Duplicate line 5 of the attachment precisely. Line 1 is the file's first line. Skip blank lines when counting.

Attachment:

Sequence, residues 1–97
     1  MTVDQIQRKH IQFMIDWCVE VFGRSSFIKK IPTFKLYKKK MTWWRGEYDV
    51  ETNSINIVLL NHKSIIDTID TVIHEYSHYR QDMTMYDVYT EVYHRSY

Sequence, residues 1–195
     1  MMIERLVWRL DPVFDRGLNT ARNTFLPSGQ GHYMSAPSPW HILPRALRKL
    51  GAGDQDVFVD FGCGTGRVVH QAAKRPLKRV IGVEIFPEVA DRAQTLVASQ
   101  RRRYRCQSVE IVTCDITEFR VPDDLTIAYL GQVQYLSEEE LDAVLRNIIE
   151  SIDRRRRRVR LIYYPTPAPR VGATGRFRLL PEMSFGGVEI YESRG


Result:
     1  MMIERLVWRL DPVFDRGLNT ARNTFLPSGQ GHYMSAPSPW HILPRALRKL